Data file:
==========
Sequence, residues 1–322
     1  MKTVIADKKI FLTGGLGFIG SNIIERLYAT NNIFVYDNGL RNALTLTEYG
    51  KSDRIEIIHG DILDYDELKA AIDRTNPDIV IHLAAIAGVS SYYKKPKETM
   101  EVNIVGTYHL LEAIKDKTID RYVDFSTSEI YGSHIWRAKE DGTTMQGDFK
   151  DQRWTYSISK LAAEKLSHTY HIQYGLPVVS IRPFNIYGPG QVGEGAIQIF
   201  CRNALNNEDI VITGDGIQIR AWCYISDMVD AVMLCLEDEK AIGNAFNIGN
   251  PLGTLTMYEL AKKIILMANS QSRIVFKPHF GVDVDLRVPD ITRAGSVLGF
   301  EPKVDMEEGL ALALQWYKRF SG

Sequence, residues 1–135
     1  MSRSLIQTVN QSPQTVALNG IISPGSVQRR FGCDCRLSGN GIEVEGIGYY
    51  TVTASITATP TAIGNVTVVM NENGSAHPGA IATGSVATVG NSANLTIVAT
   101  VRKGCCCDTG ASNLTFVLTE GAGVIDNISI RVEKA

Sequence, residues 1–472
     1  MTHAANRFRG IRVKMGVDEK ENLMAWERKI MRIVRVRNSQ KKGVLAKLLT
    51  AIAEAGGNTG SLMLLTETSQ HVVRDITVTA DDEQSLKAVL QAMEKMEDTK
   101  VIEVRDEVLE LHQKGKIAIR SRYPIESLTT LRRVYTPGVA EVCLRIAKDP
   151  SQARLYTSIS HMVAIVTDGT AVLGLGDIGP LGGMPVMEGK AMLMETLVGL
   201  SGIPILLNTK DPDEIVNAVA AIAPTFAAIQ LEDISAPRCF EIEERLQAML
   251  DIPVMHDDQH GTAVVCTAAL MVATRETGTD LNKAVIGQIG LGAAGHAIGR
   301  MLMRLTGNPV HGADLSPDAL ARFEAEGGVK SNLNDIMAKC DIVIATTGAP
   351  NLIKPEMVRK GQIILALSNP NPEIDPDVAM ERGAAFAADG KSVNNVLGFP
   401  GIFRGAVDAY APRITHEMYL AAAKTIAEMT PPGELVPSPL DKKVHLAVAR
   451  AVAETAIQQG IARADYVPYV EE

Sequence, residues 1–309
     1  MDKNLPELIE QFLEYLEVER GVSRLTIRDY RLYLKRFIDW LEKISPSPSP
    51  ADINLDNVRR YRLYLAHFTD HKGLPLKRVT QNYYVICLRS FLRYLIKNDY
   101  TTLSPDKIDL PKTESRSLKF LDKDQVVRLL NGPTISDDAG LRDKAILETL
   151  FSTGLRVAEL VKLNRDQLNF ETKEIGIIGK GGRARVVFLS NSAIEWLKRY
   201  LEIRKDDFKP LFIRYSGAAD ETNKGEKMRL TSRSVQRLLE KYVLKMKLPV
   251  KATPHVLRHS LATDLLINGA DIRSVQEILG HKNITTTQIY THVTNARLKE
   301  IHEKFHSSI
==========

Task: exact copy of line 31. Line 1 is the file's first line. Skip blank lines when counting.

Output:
   301  IHEKFHSSI